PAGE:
Colin McCallin Aug. 18, 2016

After Al Jazeera ran a story late last year accusing several players of using HGH (human growth hormone) including Peyton Manning,  there was a great deal of concern about how this would affect Manning’s legacy now that he is retired. But he participated in interviews with the NFL and was cleared. However, he was not the only player named. Clay Matthews, Julius Peppers, James Harrison and Mike Neal (now dubbed the Al Jazeera 4) were also called out and have so far refused to discuss the matter with the league. These players have denied that they used HGH, and two baseball players who were also accused even went so far as to sue Al Jazeera for libel.

Now the NFL is threatening these 4 players with an indefinite suspension if they don’t talk by the end of August. Why haven’t they interviewed yet and can the league follow through on suspending them?

Code of Conduct

“Upon learning of conduct that may give rise to discipline, the League may initiate an investigation to include interviews and information gathering from medical, law enforcement, and other relevant professionals. On matters involving NFL players, the League will timely advise the [National Football League Player Association] NFLPA of the investigation and outcome. As appropriate, the employee will also have the opportunity, represented by counsel and/or a union official, to address the conduct at issue. Upon conclusion of the investigation, the Commissioner will have full authority to impose discipline as warranted.”  From the NFL Code of Conduct.

The NFL Code of Conduct, revised after the Ray Rice incident in 2014, indicates that a player has the opportunity to speak, meaning this is not necessarily required, and players absolutely have the right to have their attorney or union rep present. In this case the NFLPA has advised these current members to not make any statements. The code is unclear on whether the player can be forced to speak or whether the League has the power to suspend over non-cooperation. However, the code does make it clear that criminal proceedings are not necessary for the League to investigate and hold players accountable for inappropriate behavior.


The players’ association sees the investigation as unwarranted, since the accuser has retracted his statements and other proof is scant. The players who have not yet spoken to investigators are under no obligation to do so, according to the NFLPA:

“The NFL has chosen to initiate an investigation of these players based upon now-recanted statements that appeared in an Al Jazeera report. The NFLPA requested from the NFL any additional evidence supporting an investigation of the players; the NFL did not provide any such evidence, nor did they inform the NFLPA or the players that any such evidence exists. Instead, the NFL has decided to publicly pressure the players into submission. We will continue to advise our players about their rights and hold the NFL accountable.” 

NFL Investigations

Investigations in the NFL have faced a great deal of scrutiny since the domestic violence incident with Ray Rice. NFL investigator guidelines confirm that the general policy is to defer to police investigations and conduct their own investigations independently; however, there was some controversy concerning this during the Rice investigations in 2014. It was believed after a time that the NFL was privy to the full video of the incident and did not take serious enough action (at this point his suspension was for just two games and a fine) until the video went public, which is when Rice’s indefinite suspension was finally issued. The league denies this and Commissioner Roger Goodell apologized for not taking the charges seriously enough at first, but the resulting controversy sparked sweeping changes in the NFL code of conduct.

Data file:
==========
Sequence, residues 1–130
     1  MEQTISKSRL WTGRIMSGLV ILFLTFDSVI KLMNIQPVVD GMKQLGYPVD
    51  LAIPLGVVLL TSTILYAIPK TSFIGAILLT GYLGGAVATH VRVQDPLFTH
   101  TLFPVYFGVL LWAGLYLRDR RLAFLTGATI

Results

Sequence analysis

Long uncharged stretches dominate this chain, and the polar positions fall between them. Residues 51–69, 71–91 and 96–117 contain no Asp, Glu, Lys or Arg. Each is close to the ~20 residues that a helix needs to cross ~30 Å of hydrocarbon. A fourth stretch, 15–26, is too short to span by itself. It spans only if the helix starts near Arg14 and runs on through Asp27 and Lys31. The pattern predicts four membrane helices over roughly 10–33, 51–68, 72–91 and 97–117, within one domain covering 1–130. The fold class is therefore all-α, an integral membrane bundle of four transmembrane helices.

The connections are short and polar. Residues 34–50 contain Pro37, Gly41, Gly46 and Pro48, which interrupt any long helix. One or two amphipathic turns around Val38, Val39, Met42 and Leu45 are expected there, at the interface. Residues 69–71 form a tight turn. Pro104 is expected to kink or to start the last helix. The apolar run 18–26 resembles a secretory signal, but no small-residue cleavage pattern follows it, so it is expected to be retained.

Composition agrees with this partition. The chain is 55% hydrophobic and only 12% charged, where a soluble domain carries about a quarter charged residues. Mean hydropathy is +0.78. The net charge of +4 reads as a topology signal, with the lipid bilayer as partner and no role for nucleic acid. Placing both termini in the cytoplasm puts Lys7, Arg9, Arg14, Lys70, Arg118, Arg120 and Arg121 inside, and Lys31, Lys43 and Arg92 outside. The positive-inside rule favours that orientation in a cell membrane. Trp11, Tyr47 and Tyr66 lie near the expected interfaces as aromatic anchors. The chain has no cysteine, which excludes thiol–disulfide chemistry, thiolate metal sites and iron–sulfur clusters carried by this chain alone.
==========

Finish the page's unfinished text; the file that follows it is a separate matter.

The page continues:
These changes outlined greater consequences for misconduct and criminal behavior. Therefore, the players’ association may be wary of submitting players to investigation without convincing evidence for fear, in part, of implicating players in police matters or unnecessary disciplinary action.  Keep in mind that players in the NFL cannot assert their 5th Amendment right to remain silent when they are questioned by the NFL.  That privilege exists only when a person is being investigated by the government.  However, statements that a player makes in cooperation with an NFL investigation can be used in a criminal investigation by the government.

Ultimately the power struggle between the League and the Association is nothing new; unions often step in to protect their members from what they deem unfair work policies. And the association understands that there are some very significant implications to talking. First, as discussed above, the NFL may report what is said to police, thereby implicating the individual criminally. Second, the information may be used against the person professionally, in fact, Mike Neal, one of the yet unquestioned players has been a free agent and believes this accusation is affecting his prospects (and he has stated he would actually prefer to interview and clear up the matter). Lastly, the union requested evidence, outside of the retracted statements, that shows there was even a need for an investigation and the league did not (perhaps could not) comply. Most likely, the union sees questioning players about unsubstantiated statements as not only unnecessary but potentially damaging.

It will be interesting to see if the league follows through on their threat to suspend these players or if the union will allow its players to interview and avoid any related discipline.